TEHRAN: Russia’s recent call for foreign forces to leave Syria was seen as a possible turning point in its tricky alliance with Iran, though analysts say their partnership still has a long way to run. “With the start of the political process in its most active phase, foreign armed forces will withdraw from Syrian territory,” President Vladimir Putin vowed after meeting his Syrian counterpart Bashar Assad in Sochi Friday.
Putin’s envoy to Syria, Alexander Lavrentiev, later said that this included Iran.
Up to now, the two countries have worked in fairly close tandem, with Russia providing the air power and Iranian forces doing the heavy lifting on the ground.
Henry Rome, Iran researcher for the Eurasia Group in Washington, said Putin’s comments were “not game over in the Russia-Iran alliance in Syria by any means, but it is a pretty serious bump in their road.”
Iranian officials reacted testily, with Foreign Ministry spokesman Bahram Ghasemi telling reporters, “Nobody can force Iran to do something against its will.”
But Putin tends to choose his words carefully, and analysts say he was sending a message that the Syrian conflict must not evolve into an even deadlier conflict between Iran and Israel.
Unnerved by the presence of so many Iranian forces to the north, Israel has launched a series of deadly air raids on Iranian positions in Syria in recent weeks.
Russia is the only power with close ties to both, and seen as crucial to keeping the pot from boiling over.
“The Russians are playing a delicate balancing act between different regional allies,” said Julien Barnes-Dacey of the European Council on Foreign Relations.
He said that the Russian statement about removing foreign forces from the country was a message to Iran that there would be limits to its influence in Syria.
“But they will have extreme difficulty in enforcing it,” he added.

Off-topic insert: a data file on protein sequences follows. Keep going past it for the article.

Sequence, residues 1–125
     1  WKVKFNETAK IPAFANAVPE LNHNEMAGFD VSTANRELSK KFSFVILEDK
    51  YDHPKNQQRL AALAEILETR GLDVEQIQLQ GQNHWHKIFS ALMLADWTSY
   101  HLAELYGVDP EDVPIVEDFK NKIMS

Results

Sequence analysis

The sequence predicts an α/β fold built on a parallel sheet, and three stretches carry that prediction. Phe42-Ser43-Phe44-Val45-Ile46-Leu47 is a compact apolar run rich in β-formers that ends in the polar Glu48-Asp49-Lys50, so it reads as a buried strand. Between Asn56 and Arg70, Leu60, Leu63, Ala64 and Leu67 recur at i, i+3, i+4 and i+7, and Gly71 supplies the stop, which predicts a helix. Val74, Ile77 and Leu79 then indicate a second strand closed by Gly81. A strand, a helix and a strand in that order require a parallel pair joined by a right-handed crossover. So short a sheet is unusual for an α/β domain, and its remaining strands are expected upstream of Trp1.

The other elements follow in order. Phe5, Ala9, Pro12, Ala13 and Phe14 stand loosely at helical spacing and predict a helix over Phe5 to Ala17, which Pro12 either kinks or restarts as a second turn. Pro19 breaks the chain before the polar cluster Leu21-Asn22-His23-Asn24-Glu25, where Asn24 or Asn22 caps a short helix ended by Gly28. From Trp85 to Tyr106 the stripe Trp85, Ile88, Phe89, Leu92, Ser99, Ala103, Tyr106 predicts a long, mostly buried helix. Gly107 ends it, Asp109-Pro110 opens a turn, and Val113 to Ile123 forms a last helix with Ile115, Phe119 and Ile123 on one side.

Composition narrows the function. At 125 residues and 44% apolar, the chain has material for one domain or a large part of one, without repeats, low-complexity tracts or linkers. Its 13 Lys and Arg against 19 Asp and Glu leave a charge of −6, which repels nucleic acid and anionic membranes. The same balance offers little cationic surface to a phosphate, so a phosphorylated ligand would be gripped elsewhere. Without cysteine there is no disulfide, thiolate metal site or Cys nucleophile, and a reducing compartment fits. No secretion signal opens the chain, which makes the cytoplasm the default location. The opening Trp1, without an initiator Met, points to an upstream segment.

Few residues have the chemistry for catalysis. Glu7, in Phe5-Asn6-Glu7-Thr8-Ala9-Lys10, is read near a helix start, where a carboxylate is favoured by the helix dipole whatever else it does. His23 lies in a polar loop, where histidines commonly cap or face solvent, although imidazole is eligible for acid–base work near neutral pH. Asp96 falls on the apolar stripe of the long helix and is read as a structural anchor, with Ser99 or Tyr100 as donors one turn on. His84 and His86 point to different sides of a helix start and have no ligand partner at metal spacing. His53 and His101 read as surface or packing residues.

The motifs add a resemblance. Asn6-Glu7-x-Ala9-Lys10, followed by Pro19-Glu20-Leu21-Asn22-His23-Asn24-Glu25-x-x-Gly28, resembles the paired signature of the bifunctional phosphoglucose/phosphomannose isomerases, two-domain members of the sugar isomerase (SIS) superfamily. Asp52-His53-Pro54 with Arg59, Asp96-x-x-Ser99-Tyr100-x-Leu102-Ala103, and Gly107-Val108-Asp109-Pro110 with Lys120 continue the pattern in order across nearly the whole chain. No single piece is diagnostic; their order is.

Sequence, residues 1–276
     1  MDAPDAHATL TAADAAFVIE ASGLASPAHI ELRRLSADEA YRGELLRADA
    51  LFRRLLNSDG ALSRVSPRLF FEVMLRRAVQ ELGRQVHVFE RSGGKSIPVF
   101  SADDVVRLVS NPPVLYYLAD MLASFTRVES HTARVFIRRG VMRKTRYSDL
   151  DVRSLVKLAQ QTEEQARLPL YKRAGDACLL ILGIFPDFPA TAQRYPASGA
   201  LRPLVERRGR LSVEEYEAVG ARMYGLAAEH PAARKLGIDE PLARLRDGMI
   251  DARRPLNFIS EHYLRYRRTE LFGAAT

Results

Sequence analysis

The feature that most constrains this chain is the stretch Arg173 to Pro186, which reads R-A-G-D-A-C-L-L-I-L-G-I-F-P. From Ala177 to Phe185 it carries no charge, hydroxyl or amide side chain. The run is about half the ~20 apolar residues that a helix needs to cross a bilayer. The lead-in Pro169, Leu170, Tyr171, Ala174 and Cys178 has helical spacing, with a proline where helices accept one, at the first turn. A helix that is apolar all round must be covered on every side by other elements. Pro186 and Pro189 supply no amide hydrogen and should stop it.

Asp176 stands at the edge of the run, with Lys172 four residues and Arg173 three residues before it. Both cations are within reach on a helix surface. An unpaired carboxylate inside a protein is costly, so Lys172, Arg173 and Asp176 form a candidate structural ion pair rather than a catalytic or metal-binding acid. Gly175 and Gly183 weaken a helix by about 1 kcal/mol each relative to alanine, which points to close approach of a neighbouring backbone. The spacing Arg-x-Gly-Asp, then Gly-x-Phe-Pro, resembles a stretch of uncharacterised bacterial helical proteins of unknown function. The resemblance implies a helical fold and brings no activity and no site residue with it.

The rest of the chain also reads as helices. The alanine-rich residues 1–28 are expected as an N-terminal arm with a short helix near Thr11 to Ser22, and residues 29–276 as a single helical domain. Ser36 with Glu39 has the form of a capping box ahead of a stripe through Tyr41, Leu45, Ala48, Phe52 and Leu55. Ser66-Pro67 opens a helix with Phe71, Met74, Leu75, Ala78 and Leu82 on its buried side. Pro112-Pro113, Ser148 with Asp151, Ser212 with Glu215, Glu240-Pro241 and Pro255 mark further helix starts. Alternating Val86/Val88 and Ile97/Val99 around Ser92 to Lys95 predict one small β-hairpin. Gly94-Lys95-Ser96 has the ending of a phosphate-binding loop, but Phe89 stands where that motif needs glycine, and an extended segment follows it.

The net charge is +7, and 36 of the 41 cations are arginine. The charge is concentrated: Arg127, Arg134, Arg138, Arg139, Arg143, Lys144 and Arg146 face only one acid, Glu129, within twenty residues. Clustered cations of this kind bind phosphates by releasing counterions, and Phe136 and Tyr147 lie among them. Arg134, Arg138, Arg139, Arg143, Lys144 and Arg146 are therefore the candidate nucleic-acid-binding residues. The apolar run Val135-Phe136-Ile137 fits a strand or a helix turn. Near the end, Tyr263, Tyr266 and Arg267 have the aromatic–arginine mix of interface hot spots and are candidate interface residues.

“We’ve seen a whole series of statements from Russia over the last couple years about an impending drawdown of foreign forces, none of which have materialized.”
Iran is deeply entrenched militarily in Syria, and wary of Russia trying to edge it out of the country and reap all the spoils of reconstruction.
“Iran fought a very difficult war – is still fighting it – and expects long-term concessions out of that in terms of energy contracts and so on,” Rome said.
There has been consternation in Tehran, he said, that Russian and Turkish firms are winning the key Syrian contracts instead of them, and even more so that Russia appeared to give Israel the green light for its recent airstrikes on Iranian positions.
But for all the bad blood, Russia and Iran are still working closely.
Iran relies on Russian air support and anti-aircraft equipment, while Iranian forces and proxies will be crucial to a ground war that is still far from over.
“They will both use each other as much as possible, for as long as possible,” Rome said.
For analysts in Iran, claims of divisions are overblown, and they insist Iran has no interest in maintaining a long-term presence in Syria.
“Iranians are fine with leaving Syria,” said Mohammad Marandi, a political analyst at the University of Tehran.
“They weren’t there in the first place and if the Americans and their allies hadn’t created this mess in Syria, they wouldn’t be there now,” Marandi said.
Russian analyst Vladimir Sotnikov said Putin had no interest in damaging the “strategic partnership” with Iran.
“Although Iran is not an easy partner for Russia, the two countries will not break their close ties,” he told AFP.
Sotnikov said Putin’s comments about foreign forces referred to countries without clear authorization from Assad, which Iran currently has.
But all analysts agree the major parties are maneuvring for position in the postwar landscape.
“My sense is that Assad won’t want to be left with an autonomous military subsystem that reports to Tehran from inside his country,” Barnes-Dacey said.
“But the bottom line is that the Iranians are in Syria to stay, with some degree of military presence,” he added.